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Work Group of four muses (recto)Study for a Flight to Egypt (verso)
Department of Prints and Drawings: 16th century
Groupe de quatre muses
Prints and Drawings
The group of four muses and the Flight to Egypt, drawn on either side of one sheet, are major examples of Taddeo Zuccaro's stylistic experimentation and his feeling for staging a scene. The drawings were finished at the same time, but illustrated very different works, and are thus important in helping us understand the final years of his brief artistic career.
The group of four muses
The group of four women on the recto of the sheet is part of the preparatory work for the Muses at the Castalian Spring on Mount Parnassus, which Taddeo Zuccaro painted in 1559 on the ceiling of the Casino loggia at the Palazzo del Bufalo in Rome. Stefano del Bufalo commissioned the work. The paintings were transferred to canvas in 1880 when the palace was demolished and are now in the Palazzo Cenci in Rome. Comparing the drawings and the fresco, one sees that they are not identical. The most likely reason is that there was a further intermediary stage between this drawing and the final painted version. Nevertheless, the two versions have a great deal in common, including the number of figures, their position, which has hardly changed in the painting, and the folds of their gowns, which are very similar. Note that on the right of the drawing is the precise mark of a margin, which corresponds exactly to the frame of the fresco. In stylistic terms, this is a fine example of the supple, refined lines of Zuccaro's late work, where he goes over the outlines of black chalk with a wash, using the tip of the brush. There is a clear link between this work and those painted using a brush tip with red chalk wash. Dating the work by analyzing its formal aspects gives a date in the late 1560s, which coincides with the final years of the decorative cycle.
The Flight to Egypt
On the verso of the same sheet, Zuccaro sketched a study for the Flight to Egypt painted at Santa Maria dell'Orto a Ripa, Rome, in 1558-59.This is just one of the episodes of the cycle painted by the Zuccaro brothers for the church. The other frescoes depicted the Nativity, the Marriage of the Virgin, and the Visitation, although these were the work of Federico Zuccaro. While nearly all experts agree on this interpretation, several aspects of the style and composition make it difficult to attribute the various episodes to the one or the other brother. In his Lives (1568), Giorgio Vasari claims that the cycle of frescoes in Santa Maria dell'Orto was the first work entrusted in its entirety to Federico Zuccaro, since his elder brother Taddeo, who received the commission, judged that Federico had sufficient mastery of the art to carry out the work. The remarkable formal quality and complexity of the iconography contradicts the claim that Federico - still a young artist at that time - was solely responsible for the frescoes, however. Moreover, attempting to establish which of the brothers was responsible for what is something of a futile exercise, as the cycle was a true collaborative effort between Taddeo and Federico.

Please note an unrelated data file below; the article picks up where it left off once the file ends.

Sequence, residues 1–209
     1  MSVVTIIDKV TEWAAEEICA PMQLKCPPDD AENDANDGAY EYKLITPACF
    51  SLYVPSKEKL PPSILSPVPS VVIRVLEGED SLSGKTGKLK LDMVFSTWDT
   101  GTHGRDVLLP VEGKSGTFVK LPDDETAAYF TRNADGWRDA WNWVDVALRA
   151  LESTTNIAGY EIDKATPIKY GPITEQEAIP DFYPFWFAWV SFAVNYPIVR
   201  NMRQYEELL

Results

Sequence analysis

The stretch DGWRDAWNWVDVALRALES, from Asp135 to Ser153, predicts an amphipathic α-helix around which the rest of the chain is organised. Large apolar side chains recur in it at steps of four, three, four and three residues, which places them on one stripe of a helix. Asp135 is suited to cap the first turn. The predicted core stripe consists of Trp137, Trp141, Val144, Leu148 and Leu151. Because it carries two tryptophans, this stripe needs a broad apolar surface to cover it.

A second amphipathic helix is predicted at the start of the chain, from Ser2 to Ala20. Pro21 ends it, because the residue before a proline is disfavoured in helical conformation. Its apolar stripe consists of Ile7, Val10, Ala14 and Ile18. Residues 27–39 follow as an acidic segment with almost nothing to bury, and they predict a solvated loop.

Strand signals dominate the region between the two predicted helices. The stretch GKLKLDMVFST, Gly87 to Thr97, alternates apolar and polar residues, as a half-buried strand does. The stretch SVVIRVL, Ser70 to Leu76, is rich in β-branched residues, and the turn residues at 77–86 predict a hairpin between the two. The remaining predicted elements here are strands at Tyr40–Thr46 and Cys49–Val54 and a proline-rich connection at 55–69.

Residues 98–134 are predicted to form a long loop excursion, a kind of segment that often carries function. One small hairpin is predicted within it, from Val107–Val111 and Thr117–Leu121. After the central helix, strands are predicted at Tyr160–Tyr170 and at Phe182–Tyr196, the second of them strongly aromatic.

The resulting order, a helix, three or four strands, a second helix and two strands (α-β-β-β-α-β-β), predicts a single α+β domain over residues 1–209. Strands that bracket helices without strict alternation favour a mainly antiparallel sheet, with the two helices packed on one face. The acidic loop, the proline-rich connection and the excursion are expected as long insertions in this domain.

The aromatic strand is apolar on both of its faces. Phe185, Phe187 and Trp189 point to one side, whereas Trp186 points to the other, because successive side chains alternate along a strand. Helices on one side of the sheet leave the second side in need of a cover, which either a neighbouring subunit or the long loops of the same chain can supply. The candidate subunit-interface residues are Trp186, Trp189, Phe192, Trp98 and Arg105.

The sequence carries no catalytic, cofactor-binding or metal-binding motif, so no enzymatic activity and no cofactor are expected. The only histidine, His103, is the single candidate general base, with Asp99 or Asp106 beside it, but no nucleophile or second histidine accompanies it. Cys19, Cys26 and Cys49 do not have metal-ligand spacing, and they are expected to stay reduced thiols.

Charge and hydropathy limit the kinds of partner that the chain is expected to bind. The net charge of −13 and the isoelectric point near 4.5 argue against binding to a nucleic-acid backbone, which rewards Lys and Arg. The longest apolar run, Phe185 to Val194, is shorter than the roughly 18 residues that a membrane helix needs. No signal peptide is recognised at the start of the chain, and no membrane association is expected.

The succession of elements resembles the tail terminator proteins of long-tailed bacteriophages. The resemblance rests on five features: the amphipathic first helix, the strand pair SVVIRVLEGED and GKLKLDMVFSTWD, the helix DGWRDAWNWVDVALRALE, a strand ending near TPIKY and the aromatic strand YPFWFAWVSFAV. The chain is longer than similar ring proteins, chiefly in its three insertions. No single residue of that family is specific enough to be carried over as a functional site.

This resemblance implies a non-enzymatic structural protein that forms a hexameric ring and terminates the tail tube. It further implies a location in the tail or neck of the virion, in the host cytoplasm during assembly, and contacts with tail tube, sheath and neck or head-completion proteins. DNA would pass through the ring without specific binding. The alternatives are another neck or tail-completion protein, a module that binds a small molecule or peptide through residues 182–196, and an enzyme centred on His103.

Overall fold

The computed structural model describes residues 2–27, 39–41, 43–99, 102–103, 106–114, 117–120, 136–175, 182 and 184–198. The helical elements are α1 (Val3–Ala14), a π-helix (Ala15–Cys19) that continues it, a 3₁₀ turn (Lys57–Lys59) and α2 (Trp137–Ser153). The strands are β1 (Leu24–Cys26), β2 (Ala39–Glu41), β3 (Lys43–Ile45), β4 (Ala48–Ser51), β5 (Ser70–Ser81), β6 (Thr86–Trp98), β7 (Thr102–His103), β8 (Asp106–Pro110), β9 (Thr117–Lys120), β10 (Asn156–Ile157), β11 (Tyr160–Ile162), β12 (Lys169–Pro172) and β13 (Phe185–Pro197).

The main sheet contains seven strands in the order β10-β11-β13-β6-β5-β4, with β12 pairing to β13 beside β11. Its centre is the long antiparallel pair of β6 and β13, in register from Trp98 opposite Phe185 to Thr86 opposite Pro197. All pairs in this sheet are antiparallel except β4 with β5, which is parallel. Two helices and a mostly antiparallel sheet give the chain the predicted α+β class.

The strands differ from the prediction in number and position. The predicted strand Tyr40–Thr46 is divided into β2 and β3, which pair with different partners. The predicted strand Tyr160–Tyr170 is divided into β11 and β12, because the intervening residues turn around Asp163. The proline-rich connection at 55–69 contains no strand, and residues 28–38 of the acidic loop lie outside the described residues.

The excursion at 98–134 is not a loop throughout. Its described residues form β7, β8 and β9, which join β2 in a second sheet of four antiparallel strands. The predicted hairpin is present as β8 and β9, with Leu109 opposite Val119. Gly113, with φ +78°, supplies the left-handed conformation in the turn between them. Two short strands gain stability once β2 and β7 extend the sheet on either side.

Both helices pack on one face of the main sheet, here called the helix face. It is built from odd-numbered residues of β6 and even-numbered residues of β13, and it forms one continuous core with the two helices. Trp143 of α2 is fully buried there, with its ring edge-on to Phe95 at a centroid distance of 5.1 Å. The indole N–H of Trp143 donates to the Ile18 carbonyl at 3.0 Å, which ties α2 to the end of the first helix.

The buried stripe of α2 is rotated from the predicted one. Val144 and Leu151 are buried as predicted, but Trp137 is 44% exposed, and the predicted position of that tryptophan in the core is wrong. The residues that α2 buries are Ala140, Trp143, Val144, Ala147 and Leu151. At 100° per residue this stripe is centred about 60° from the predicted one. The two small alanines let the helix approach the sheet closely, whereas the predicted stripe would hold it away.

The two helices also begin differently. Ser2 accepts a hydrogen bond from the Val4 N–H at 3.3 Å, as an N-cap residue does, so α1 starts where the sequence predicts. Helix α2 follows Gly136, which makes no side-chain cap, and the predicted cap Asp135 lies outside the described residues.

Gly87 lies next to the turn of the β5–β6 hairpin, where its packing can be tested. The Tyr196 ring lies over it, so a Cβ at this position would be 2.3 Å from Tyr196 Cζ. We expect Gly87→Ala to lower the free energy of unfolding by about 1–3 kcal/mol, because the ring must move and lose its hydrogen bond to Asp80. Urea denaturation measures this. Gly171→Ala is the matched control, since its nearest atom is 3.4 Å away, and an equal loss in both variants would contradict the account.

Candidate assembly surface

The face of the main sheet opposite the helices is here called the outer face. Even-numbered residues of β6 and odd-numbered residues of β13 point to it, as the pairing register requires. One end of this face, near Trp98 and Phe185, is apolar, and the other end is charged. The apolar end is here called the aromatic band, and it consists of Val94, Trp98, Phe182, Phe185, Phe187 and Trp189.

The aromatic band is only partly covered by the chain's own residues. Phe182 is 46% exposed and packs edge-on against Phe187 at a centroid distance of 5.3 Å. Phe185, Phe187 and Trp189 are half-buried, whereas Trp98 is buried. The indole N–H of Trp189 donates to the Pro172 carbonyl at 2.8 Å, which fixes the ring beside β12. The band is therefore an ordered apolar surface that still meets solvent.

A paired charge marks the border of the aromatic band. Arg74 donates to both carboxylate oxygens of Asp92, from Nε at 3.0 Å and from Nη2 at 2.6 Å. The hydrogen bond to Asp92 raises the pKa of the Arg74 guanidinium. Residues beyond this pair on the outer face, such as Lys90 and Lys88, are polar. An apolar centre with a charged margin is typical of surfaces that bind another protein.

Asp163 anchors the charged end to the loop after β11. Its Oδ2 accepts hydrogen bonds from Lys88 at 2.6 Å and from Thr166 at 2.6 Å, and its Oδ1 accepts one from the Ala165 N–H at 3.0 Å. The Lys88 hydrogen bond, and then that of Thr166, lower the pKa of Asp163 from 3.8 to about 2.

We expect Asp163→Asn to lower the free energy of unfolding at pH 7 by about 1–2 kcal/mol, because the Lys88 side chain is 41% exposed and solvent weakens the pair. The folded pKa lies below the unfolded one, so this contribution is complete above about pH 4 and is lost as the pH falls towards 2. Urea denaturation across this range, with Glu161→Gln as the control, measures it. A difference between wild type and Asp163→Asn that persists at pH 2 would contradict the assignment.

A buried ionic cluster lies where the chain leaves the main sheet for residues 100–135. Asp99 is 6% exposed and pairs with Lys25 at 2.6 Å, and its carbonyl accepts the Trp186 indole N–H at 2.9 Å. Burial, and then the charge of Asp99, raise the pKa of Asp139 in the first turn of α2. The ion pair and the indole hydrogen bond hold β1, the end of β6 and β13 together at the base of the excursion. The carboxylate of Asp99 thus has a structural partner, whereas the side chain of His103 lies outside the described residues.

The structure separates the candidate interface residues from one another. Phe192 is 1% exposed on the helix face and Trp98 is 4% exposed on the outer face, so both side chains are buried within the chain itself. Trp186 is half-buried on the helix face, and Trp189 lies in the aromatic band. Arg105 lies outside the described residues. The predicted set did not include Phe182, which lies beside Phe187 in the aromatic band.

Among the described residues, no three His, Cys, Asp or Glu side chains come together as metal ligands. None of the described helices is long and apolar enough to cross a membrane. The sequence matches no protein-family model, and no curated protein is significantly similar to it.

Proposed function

BibliographyBacou R., Le Seizième Siècle européen. Dessin du Louvre, Musée du Louvre, Éditions de laRéunion des musées nationaux, 1965, p. 58, notice 28, pl. XXXI.
Gere John A., Dessins de Taddeo et Federico Zuccaro, XLIIe exposition du Cabinet des dessins, Musée du Louvre, Éditions de la Réunion des musées nationaux, 1969, notice 19, p. 29, pl. VI.
Viatte François, Roman Drawings of the Sixteenth Century from the Musée du Louvre Paris, Chicago, The Art Institute of Chicago, 1980, p. 158, notice 70, fig. p. 159.
Boubli L., in L'Oeil du connaisseur. Hommage à Philip Pouncey, Musée du Louvre, Éditions de la Réunion des musées nationaux, 1992, notice 54, p. 91-93, p. 92, fig. 54, 52a.
Taddeo Zuccaro (1529-1566)
Group of four muses (recto)Study for a Flight to Egypt (verso)
Recto: black chalk and brown wash Verso: black chalk
H. 40 cm; L. 24 cm
Saint-Morys collection; seizure of émigrés' possessions, 1793; allocated to the Museum, 1796-97
Due to their fragility, works on paper are not on permanent display in the museum.
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